Blood cancer drug trials to resume; Dive deeper into the use of antibiotics


Learn about the biggest pharmaceutical developments and pricing stories from the past week in KHN’s Prescription Drug Watch roundup.

Reuters: FDA lifts partial clinical suspension of Gilead blood cancer drug trials

Gilead Sciences Inc. said Monday that the U.S. Food and Drug Administration has lifted a partial clinical hold on its trials testing a blood cancer drug combination. The FDA lifted the suspension after a review of the safety data from each trial, the company said. (4/11)

Stat: Trying a three-drug combination to help engineered T cells fight cancer

For years, Kristin Anderson tried to push immunotherapy to work in ovarian cancer, only to see immune tool after tool fail to crack open tumors. But now Anderson has new data from a preliminary approach that some experts have called both challenging and a bit controversial: a combination of three immune checkpoint inhibitors and a batch of engineered T cells. The work began with a simple question, said Anderson, a postdoctoral researcher at the Fred Hutchinson Cancer Center: Is it possible to engineer T cells to attack ovarian tumors? Anderson began by modifying T cells to carry a receptor that would recognize mesothelin – a protein common to several types of cancer, including ovarian cancer. This way, these modified immune cells would be more likely to infiltrate tumors and hopefully start cleaning up the cancer. (Chen, 04/13)

In antibiotic research —

CIDRAP: Study: Medicare outpatients frequently received antibiotics for COVID-19

A review of data on Medicare beneficiaries during the first year of the COVID-19 pandemic found that nearly one-third of COVID-19 outpatient visits were related to an antibiotic prescription, mostly for the azithromycin, reported researchers from the Centers for Disease Control and Prevention (CDC). at the end of last week in JAMA. (4/11)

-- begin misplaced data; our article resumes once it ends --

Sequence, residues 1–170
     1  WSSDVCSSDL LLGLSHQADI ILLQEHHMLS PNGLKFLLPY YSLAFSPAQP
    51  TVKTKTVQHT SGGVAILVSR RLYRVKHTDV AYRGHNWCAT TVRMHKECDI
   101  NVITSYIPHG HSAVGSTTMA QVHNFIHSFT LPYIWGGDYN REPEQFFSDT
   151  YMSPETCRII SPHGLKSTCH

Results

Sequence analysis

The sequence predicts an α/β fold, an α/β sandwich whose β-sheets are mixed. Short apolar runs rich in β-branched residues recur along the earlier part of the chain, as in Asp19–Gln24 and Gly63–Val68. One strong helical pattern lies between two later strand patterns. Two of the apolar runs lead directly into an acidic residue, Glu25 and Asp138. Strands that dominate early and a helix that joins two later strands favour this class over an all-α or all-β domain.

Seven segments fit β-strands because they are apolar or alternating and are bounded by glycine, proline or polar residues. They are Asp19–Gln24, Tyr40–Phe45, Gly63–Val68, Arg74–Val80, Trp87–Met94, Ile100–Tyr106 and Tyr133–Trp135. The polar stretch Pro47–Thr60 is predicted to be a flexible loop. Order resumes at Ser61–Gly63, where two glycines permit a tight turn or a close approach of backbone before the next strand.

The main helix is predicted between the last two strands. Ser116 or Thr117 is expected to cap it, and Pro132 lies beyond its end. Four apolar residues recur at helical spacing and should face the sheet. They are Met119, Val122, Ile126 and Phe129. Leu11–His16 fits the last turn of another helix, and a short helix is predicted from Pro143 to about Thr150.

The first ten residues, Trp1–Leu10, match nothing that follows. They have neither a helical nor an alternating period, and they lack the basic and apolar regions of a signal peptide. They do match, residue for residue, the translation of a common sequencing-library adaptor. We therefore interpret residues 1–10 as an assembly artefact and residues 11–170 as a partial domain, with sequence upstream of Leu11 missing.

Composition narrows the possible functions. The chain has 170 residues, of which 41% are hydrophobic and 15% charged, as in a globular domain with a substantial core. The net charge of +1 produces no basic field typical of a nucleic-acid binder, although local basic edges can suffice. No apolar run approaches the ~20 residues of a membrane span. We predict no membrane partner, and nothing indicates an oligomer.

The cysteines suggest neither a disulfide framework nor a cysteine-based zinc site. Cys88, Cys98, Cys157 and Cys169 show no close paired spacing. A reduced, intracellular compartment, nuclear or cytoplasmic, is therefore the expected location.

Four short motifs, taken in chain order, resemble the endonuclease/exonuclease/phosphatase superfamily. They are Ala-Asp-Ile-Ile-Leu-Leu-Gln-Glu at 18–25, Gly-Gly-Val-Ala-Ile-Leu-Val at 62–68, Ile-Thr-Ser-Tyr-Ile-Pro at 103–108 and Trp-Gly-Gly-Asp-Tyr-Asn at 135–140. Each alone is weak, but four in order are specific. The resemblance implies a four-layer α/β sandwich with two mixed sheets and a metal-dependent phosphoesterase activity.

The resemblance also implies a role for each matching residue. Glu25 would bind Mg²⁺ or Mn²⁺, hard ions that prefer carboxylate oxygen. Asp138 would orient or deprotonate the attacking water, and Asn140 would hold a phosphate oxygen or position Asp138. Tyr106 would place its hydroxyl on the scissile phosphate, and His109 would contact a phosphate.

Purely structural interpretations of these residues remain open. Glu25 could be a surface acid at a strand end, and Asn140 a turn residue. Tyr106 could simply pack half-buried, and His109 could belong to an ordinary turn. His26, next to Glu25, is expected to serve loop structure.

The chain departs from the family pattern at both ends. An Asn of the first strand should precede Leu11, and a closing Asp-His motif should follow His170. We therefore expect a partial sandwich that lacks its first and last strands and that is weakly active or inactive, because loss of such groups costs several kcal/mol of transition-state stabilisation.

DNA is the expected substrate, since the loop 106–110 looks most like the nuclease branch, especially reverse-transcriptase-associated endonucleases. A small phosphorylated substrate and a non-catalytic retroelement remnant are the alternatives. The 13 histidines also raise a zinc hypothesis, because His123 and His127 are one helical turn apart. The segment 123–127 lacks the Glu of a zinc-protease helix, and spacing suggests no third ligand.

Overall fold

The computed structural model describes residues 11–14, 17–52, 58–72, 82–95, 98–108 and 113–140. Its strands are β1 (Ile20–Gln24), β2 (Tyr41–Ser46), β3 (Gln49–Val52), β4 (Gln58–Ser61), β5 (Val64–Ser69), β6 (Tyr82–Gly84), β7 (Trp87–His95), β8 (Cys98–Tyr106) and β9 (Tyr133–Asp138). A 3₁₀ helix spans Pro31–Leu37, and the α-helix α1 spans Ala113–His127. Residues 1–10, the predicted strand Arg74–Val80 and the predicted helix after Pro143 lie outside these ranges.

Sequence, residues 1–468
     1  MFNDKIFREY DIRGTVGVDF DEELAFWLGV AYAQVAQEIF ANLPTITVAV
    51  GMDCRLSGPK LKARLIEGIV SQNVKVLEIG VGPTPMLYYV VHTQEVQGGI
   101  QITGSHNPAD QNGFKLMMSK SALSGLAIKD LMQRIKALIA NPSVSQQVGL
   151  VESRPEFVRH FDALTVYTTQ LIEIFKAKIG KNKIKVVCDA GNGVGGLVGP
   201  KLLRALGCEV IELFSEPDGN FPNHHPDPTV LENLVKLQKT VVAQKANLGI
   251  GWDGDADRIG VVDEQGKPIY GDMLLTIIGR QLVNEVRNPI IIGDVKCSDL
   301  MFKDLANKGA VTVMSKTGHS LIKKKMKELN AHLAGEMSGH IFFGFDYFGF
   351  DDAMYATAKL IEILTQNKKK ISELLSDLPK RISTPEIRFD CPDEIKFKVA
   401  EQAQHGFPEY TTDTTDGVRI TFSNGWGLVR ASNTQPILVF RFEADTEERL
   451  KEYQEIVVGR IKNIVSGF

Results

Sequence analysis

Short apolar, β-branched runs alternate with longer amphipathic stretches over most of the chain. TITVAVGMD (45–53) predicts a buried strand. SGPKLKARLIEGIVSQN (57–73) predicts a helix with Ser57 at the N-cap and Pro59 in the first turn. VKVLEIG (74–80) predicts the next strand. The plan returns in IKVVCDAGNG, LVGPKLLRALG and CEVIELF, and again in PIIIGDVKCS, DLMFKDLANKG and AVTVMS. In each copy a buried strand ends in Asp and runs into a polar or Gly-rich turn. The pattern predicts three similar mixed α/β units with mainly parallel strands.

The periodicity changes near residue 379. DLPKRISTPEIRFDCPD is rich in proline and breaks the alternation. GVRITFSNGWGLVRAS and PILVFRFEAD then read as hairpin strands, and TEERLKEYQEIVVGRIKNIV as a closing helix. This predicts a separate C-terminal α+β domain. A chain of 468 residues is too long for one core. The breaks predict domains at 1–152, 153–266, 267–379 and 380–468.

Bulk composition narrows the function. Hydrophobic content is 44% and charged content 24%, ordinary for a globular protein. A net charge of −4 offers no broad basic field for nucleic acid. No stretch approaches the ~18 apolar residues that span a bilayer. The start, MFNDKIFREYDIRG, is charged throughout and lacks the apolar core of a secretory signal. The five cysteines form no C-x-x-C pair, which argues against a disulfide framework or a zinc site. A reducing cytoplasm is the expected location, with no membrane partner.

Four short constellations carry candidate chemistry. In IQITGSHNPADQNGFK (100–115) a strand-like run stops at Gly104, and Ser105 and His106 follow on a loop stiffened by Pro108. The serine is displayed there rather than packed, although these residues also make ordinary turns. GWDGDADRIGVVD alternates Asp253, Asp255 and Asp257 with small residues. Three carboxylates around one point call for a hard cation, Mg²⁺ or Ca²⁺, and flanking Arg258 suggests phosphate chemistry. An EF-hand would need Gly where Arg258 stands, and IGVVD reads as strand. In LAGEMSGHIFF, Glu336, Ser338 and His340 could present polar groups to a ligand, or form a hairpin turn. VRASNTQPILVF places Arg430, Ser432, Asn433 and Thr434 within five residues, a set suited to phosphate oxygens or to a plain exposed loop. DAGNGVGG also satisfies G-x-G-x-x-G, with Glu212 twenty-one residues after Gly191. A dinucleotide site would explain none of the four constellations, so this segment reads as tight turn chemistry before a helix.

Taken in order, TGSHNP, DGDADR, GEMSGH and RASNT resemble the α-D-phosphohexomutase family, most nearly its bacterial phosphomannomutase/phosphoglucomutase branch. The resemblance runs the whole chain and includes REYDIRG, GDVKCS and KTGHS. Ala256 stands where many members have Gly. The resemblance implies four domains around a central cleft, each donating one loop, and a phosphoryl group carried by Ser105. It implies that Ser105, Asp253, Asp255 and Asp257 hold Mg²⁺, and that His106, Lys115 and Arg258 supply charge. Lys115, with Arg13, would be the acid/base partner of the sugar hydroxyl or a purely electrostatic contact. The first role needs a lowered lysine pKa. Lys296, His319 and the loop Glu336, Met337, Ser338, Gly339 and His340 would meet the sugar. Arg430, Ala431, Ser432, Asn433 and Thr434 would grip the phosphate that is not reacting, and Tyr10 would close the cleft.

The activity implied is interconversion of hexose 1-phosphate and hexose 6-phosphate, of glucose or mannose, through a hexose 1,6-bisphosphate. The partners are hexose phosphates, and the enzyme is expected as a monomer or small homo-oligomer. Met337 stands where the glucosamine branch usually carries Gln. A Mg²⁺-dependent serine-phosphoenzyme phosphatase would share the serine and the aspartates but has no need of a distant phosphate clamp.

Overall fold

CIDRAP: Study Finds Antibiotic Use in Iowa Hospitals Unaffected by COVID-19

A study of Iowa hospitals that use three different antibiotic stewardship program (ASP) models found that core stewardship activities were maintained during the COVID-19 pandemic, researchers reported today in Antimicrobial Stewardship & Healthcare Epidemiology. The study, conducted in 12 hospitals that are part of an integrated health system, looked at trends in antibiotic treatment days (DOT) per 1,000 days present in medical-surgical and intensive care units from January 1, 2019 as of February 28, 2021. (4/8)

CIDRAP: Stewardship linked to the decline in fluoroquinolones for urinary tract infections

A multifaceted antimicrobial stewardship intervention in a community health system significantly reduced fluoroquinolone prescribing for urinary tract infections (UTIs), researchers in Infection Control & Hospital Epidemiology reported today. … Comparison of prescribing data from the 6-month post-intervention period (September 2019 to February 2020) with the pre-intervention period (September 2018 to February 2019) showed that the percentage of fluoroquinolone prescribing for infections urine decreased from 17.6% pre-procedure to 3.0% post-procedure in the four urgent care clinics, and from 23.8% to 6.8% in the 19 primary care clinics. The percentages of all primary care clinic visits in which a fluoroquinolone was prescribed decreased from 1.3% to 0.5%. (4/11)